Old military camp?
The two generous fellas passed out water to cyclists.
Soon the route left the shore and headed west.
The 旭海 grassfield memorial. Doesn’t look like a grassfield to me…
Being an aboriginal town, Mudan has a lot of aboriginal themed decoration. If you looks closely this portrait has a political meaning of harmony between aboriginal people and the Han people.
Bay view from the hill.
There was a second rest stop here at Mudan elementary school, a beautiful school in the mountain.
I can’t help myself to compare these aboriginal themed structure to that at the Sun Moon Lake, and you can clearly see the taste difference. One (the Sun Moon Lake) is clearly made for taste-less tourists, and the other are made for honoring the local residents themselves. One is glamorous but hollow, and the other look humble but with content.
Around the center of the mountain area lies the Mudan reservoir and a small village.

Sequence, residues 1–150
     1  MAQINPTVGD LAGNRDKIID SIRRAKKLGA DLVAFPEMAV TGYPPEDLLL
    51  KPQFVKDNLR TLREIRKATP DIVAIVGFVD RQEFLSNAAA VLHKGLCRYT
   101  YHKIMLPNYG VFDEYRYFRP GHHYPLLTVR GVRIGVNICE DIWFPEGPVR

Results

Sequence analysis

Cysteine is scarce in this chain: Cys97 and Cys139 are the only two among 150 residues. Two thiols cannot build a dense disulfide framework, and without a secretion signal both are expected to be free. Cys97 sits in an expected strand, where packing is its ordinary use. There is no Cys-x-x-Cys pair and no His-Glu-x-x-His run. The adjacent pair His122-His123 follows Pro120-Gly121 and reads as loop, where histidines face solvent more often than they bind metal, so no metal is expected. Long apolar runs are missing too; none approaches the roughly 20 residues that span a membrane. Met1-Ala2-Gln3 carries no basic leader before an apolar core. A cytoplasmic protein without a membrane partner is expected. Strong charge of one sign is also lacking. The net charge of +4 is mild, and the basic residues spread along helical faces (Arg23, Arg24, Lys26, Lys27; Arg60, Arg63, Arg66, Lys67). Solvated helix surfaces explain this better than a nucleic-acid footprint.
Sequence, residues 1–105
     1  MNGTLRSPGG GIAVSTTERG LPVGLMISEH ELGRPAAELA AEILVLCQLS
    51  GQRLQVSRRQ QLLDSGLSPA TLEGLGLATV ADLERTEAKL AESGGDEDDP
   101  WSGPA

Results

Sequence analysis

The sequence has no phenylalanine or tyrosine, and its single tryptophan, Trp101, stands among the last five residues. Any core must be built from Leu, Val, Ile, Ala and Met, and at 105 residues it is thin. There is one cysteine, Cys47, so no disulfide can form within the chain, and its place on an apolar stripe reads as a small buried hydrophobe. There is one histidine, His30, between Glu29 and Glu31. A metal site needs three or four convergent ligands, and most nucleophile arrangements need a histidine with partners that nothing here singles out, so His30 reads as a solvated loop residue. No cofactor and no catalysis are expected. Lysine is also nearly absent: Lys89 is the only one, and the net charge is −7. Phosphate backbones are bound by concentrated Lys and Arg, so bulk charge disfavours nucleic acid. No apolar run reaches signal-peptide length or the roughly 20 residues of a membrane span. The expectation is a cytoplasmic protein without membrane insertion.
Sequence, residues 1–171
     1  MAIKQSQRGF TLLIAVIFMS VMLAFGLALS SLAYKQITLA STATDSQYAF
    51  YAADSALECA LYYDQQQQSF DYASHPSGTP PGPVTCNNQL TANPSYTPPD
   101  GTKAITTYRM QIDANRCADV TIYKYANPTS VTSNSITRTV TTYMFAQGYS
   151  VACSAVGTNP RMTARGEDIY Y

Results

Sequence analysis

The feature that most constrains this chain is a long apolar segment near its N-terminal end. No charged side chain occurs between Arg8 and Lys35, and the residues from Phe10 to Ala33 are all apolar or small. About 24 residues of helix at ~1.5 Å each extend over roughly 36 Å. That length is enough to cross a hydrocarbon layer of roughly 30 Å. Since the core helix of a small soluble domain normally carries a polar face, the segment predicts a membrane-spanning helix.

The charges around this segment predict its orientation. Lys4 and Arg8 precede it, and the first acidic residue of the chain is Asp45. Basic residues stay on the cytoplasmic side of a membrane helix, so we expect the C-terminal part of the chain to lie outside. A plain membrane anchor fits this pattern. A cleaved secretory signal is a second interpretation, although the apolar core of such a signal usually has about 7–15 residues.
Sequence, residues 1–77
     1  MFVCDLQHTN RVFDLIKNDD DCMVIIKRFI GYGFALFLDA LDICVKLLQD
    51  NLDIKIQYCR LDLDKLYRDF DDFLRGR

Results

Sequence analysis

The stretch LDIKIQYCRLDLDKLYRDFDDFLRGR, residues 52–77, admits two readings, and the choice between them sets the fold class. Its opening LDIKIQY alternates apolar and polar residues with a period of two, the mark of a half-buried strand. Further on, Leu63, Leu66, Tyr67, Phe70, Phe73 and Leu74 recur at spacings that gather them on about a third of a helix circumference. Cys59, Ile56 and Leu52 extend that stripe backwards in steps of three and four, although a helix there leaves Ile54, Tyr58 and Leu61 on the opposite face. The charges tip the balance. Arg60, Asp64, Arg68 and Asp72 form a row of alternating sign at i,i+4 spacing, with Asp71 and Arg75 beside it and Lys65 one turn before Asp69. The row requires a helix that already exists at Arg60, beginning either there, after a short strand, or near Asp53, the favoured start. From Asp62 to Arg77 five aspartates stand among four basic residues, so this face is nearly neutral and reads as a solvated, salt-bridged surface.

Closer look of the reservoir.
Real arts don’t look happy. They show what the artists are proud of in their lives.
Not far away from the village also lies the location of Mudan Incident, the first Japanese invasion to Taiwan during Qing dynasty.
Monument for one of the Mudan Incident battlefield. The previous photos show this is a narrow pass, hence a strategic battle point.
After passing the battlefield monument, the lands here are back again more owned by the Han people. Taste-less buildings popuped again.
One example of the taste-less hotel building.
Temple parade event guys. Riding at pickup truck’s back without seat belts are normal in Taiwan.
Eventually the road exited the mountain and went through flat fields.
The route turned left onto Route #26 again. Now is close to 11am and there were lots of traffic.
Back to the airport.
And we’ve got a hot meal to eat: Braised pork rice with Taiwanese style non spicy Kimchi!